resulting in annual losses of USD 20 million. 
¶3.  FGPA stated that at least two large organized crime 
groups, likely under Russian mafia control, coordinate and 
control piracy in Lithuania.  The FGPA estimates that each 
of these Vilnius-based groups has stockpiled 200-300,000 
illegal CDs, and sells nearly 300,000 discs per month 
equally to Lithuanian and foreign customers.  Over 50 
percent of this volume has pirated American content.  The 
FGPA Chairman explained that organized crime sells its CDs 
through direct marketing to cafes, bars, offices, and at 
marketplaces, and by exporting them to Poland, Germany, 
Latvia and Estonia.  More than 90 percent of the illegal 
product is imported from Russia, Belarus, Ukraine and 
Poland, while the rest is burned locally. 
¶4.  Lithuania did not modify its IPR-related laws in 2004. 
A GOL working group has been charged with drafting the 
relevant legal amendments by August 2005.  These amendments 
will bring the country's copyright and industrial property 
rights laws into line with EU standards.  The amendments 
will require the publication of court judgments in 
newspapers as a preventive measure to discourage IPR 
¶5.  The GOL conducted an IPR Public Awareness Program in 
2004.  The Ministry of Culture organized public 
consultations in each of the country's ten largest cities. 
The Ministry invited representatives of cultural 
institutions (libraries, museums, theaters, publishers) and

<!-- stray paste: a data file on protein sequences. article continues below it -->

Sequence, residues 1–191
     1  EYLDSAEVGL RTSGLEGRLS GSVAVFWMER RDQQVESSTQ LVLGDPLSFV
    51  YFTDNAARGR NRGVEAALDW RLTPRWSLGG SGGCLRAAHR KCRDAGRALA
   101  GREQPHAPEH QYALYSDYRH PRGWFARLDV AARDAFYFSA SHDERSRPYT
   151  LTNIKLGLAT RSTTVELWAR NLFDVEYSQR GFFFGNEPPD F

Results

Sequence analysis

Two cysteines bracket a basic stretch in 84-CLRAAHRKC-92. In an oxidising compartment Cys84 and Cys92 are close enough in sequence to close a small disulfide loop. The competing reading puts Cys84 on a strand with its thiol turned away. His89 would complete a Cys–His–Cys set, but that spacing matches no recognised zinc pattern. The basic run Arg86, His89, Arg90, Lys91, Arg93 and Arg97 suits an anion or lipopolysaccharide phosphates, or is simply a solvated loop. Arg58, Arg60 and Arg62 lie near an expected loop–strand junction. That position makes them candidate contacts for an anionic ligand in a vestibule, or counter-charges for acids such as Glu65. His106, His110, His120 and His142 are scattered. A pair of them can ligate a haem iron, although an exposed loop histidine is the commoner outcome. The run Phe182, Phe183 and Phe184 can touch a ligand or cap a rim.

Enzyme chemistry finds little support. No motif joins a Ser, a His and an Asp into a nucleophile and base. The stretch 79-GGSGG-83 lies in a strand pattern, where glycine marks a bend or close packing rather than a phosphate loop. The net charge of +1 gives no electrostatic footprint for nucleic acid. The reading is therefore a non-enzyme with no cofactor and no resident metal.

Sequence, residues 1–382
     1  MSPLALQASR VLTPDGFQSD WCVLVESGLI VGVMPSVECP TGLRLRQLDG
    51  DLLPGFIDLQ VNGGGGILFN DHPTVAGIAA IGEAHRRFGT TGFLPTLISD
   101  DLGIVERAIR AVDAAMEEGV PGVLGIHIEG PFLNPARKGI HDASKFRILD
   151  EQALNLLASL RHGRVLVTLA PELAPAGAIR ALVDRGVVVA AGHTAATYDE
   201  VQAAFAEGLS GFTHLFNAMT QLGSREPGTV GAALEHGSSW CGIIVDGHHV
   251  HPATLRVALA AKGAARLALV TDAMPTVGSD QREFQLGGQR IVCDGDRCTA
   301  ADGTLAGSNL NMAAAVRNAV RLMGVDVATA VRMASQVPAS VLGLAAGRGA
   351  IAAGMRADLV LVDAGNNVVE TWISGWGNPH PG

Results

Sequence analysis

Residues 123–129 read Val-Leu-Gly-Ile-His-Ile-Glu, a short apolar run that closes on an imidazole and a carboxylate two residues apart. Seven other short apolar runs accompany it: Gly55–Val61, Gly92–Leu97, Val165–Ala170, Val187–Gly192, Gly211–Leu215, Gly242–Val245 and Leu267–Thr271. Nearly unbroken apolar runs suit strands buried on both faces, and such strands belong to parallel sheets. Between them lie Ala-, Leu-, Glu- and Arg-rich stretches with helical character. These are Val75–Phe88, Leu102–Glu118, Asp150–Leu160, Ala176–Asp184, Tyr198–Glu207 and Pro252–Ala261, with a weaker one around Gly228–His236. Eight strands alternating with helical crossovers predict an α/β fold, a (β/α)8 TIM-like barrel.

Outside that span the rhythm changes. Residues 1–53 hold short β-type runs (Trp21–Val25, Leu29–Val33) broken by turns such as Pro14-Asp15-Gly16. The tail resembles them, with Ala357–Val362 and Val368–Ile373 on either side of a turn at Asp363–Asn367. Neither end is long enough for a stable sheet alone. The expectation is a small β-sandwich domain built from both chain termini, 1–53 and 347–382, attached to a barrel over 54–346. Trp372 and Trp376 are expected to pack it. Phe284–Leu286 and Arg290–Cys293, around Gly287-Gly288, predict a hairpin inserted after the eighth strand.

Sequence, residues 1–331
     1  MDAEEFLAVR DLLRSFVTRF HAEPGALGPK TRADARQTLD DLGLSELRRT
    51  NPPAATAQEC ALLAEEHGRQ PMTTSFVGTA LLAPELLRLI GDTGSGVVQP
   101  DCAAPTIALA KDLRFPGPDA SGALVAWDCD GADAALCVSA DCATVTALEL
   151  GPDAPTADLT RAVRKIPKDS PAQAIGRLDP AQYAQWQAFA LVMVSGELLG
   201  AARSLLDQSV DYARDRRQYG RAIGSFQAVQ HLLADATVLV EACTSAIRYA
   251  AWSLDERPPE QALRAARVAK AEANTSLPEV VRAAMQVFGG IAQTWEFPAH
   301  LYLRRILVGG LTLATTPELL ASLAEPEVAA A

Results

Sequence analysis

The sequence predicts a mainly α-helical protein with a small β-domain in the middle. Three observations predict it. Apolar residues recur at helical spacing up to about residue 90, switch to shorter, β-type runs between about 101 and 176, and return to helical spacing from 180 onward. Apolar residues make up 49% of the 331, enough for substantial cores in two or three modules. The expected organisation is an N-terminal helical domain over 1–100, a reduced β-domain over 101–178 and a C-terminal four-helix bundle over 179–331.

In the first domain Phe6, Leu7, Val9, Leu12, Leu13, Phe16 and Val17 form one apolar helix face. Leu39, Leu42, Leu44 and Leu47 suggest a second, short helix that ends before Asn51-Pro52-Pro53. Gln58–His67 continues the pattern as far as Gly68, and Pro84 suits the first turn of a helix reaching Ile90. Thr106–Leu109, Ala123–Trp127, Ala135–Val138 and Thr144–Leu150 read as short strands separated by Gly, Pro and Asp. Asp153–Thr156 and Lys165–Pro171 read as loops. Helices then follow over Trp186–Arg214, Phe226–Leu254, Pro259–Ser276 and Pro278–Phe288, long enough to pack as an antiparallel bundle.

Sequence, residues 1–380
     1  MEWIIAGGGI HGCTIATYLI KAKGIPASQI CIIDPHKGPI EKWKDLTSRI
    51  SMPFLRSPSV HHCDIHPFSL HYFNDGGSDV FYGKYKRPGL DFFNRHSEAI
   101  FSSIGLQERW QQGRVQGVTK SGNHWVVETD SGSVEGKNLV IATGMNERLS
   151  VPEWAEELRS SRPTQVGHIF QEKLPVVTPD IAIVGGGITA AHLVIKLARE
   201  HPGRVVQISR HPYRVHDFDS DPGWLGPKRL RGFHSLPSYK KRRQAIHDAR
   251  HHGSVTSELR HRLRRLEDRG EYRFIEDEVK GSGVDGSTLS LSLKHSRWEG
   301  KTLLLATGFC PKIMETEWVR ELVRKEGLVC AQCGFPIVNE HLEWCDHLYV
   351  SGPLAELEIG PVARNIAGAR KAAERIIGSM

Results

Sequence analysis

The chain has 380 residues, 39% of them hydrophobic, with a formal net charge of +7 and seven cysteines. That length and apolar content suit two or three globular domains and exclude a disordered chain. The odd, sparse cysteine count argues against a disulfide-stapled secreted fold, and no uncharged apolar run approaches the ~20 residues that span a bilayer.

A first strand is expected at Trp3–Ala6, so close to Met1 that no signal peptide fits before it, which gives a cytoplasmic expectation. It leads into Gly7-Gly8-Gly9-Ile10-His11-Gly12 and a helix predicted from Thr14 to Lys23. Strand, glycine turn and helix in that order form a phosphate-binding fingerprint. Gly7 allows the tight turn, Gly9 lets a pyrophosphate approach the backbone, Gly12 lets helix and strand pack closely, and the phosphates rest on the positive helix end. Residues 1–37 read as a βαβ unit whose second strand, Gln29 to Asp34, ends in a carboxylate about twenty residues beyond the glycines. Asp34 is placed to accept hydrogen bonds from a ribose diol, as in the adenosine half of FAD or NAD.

small businesses to attend these sessions in order to 
discuss copyright agreements and the identification of 
protected works. 
¶6.  The GOL has not decided whether to require mandatory 
source identification coding (SID) of all optical discs 
produced in the country.  The Ministry of Culture will make 
a decision following a meeting with representatives of the 
recording industry in early 2005.  We question the impact 
of such a rule, however, since most pirated CDs are 
manufactured outside of Lithuania. 
¶7.  A Government Information Society Development Committee 
is considering a draft resolution which will recommend that 
government institutions use open source computer software 
programs.  The GOL does not have a timeframe for the 
resolution's adoption, but intends to allocate funds to 
support training to familiarize agencies with the new 
¶8.  The GOL intends to include in its amendments to the 
copyright law procedures that would clarify its Ecomas 
Directive of 2000, which required an internet service 
provider (ISP) to act expeditiously and block content, upon 
the request of the appropriate IP right holder.  The 
amendments will define the requirements that the request 
must fulfill, and a timeframe for the ISP to act.  The 
Managing Director of the Lithuanian Neighboring Rights 
Association (Agata) informed us that the issue of who 
should take lead responsibility for internet content is 
under consideration by Lithuania's Constitutional Court. 
¶9.  On January 1, 2004, the GOL implemented a six percent 
tax on blank media carriers to help remunerate the authors 
of copyrighted works.  The Agency of the Lithuanian 
Copyright Protection Association (LATGAA) collected LTL 2 
million (USD 757,576) in blank media carrier taxes in 2004, 
and distributed this sum to authors. 
¶10.  The GOL amended its trademark law on February 19, 
2004, and its design law on April 29, 2004, to conform to 
EU regulations and directives.  Community trademarks and 
designs were given precedence over corresponding national 
products.  The GOL did not modify its patent law in 2004. 
Parliament, however, will consider amendments during its 
Spring 2005 session that will harmonize Lithuanian law with